Stinga points out there in Europe there is more competition from other transport modes compared to the USA, and a greater emphasis on point-to-point rather than feeding hubs. Clas Helgstrand, director of flight operations at Swedish regional Falcon Air, argues that European carriers face greater taxes and costs than their US counterparts, and have been given less government support to meet new burdens in the post-11 September climate - a point backed up by the ERA's Mike Ambrose.

Another difference with the USA is that, while US majors are distancing themselves from their regional affiliates, Europe is still going the other way. Jaap Palmer, chief executive of Sweden's Skyways Express, is just one of many to decry this trend. "Some of us are increasingly being contaminated by major airline costs," he complains. By contrast, some US majors have started to reverse the process with regional sell-offs such as the flotation of Continental Express as ExpressJet.

Ownership issue

It is a sign of the times that this could be the last ERA general assembly which features the name Tyrolean Airways. The Austrian carrier is shortly due to for rebranding following its integration, along with Rheintalflug, into a single airline division within the Austrian Airlines Group. Flybe is left as one of only a small band of independently-owned European regionals and French makes no secret of the fact that this independence has allowed the airline to change its business model so quickly.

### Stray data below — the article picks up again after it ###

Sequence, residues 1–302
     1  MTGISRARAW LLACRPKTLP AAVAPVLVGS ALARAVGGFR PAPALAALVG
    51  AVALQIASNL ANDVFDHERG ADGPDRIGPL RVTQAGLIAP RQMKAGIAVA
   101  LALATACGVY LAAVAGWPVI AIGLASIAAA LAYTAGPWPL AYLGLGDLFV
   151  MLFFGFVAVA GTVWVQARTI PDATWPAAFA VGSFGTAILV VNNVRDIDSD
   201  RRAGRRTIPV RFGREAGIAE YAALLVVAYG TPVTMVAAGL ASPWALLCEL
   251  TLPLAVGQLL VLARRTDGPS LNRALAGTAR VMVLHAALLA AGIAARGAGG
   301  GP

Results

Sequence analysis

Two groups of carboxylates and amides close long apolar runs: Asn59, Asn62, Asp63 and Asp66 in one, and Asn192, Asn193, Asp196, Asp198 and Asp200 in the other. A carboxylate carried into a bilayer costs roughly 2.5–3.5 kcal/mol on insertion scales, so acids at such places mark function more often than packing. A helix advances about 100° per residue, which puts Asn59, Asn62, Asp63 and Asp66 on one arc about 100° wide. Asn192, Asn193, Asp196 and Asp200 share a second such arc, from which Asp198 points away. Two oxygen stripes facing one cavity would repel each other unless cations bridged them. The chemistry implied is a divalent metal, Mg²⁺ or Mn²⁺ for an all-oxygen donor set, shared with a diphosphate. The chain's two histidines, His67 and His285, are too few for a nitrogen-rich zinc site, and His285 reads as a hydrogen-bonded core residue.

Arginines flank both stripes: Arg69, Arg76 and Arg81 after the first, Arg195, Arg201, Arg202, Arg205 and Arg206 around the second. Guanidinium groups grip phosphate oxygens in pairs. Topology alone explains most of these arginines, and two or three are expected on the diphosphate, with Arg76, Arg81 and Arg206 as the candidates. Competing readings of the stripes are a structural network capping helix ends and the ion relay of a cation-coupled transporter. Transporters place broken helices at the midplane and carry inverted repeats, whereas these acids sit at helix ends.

"The pace of change has quickened," warns Ambrose. The fallout from the Swissair collapse has seen Crossair, once Europe's largest regional, now wrapped up in the new Swiss and Sabena's DAT re-emerge as SN Brussels. Manufacturers too have seen consolidation. At the time of last year's assembly in Athens, Europe had three regional manufacturers - ATR, BAe Systems and Fairchild Dornier. Only the first of these is now left.

While most hope that 2003 will bring a period of stability to the regional sector in terms of profitability, all the signs are that this will continue to be a rapidly evolving industry.

Top 50 regional airline operations - 2001


Revenues US$

Operating margin

Net margin








North America














Rest of World







Grand total







Note: Calculations based on current Top 50 rankings. Change and margin have been rebased around those carriers for which appropriate figures were available. Rest of world includes Asia, Latin America and Africa/Middle East

Turboprop versus regional jet daily departures


European fleet

US fleet





















Total turboprop





Regional jets











Total regional jets





All types





NOTE: Daily departures for June-Sept Q3 2002 versus Q3 2001 based on OAG schedule data.

Source: Saab Aircraft Leasing



Source: Airline Business